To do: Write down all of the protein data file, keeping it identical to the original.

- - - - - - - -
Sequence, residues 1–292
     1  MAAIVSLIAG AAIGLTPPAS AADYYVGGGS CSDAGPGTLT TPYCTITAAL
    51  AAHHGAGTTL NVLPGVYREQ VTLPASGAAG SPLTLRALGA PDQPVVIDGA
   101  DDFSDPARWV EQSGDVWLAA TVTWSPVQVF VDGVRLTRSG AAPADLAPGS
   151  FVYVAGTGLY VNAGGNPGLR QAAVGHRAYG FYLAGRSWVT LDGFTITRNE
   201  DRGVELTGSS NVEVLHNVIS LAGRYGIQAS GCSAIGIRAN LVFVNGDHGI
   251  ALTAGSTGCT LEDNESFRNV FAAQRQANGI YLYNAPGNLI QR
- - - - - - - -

Sequence, residues 1–292
     1  MAAIVSLIAG AAIGLTPPAS AADYYVGGGS CSDAGPGTLT TPYCTITAAL
    51  AAHHGAGTTL NVLPGVYREQ VTLPASGAAG SPLTLRALGA PDQPVVIDGA
   101  DDFSDPARWV EQSGDVWLAA TVTWSPVQVF VDGVRLTRSG AAPADLAPGS
   151  FVYVAGTGLY VNAGGNPGLR QAAVGHRAYG FYLAGRSWVT LDGFTITRNE
   201  DRGVELTGSS NVEVLHNVIS LAGRYGIQAS GCSAIGIRAN LVFVNGDHGI
   251  ALTAGSTGCT LEDNESFRNV FAAQRQANGI YLYNAPGNLI QR